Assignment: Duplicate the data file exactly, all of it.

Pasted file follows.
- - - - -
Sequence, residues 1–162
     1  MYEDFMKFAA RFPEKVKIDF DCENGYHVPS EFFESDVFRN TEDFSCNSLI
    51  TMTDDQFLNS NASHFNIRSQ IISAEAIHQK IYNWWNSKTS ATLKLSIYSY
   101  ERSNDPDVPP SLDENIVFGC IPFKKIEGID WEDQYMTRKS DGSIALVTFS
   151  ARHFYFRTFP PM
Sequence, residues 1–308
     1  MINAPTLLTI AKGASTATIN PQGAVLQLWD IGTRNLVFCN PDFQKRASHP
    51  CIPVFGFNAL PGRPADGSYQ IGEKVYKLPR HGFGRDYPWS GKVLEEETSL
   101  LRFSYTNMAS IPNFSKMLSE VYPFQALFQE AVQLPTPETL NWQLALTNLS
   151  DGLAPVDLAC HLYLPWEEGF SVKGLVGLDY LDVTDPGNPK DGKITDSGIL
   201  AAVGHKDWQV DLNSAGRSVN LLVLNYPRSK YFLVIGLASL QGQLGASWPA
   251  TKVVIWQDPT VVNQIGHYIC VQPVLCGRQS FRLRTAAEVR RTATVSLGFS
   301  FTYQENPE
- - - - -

Sequence, residues 1–162
     1  MYEDFMKFAA RFPEKVKIDF DCENGYHVPS EFFESDVFRN TEDFSCNSLI
    51  TMTDDQFLNS NASHFNIRSQ IISAEAIHQK IYNWWNSKTS ATLKLSIYSY
   101  ERSNDPDVPP SLDENIVFGC IPFKKIEGID WEDQYMTRKS DGSIALVTFS
   151  ARHFYFRTFP PM
Sequence, residues 1–308
     1  MINAPTLLTI AKGASTATIN PQGAVLQLWD IGTRNLVFCN PDFQKRASHP
    51  CIPVFGFNAL PGRPADGSYQ IGEKVYKLPR HGFGRDYPWS GKVLEEETSL
   101  LRFSYTNMAS IPNFSKMLSE VYPFQALFQE AVQLPTPETL NWQLALTNLS
   151  DGLAPVDLAC HLYLPWEEGF SVKGLVGLDY LDVTDPGNPK DGKITDSGIL
   201  AAVGHKDWQV DLNSAGRSVN LLVLNYPRSK YFLVIGLASL QGQLGASWPA
   251  TKVVIWQDPT VVNQIGHYIC VQPVLCGRQS FRLRTAAEVR RTATVSLGFS
   301  FTYQENPE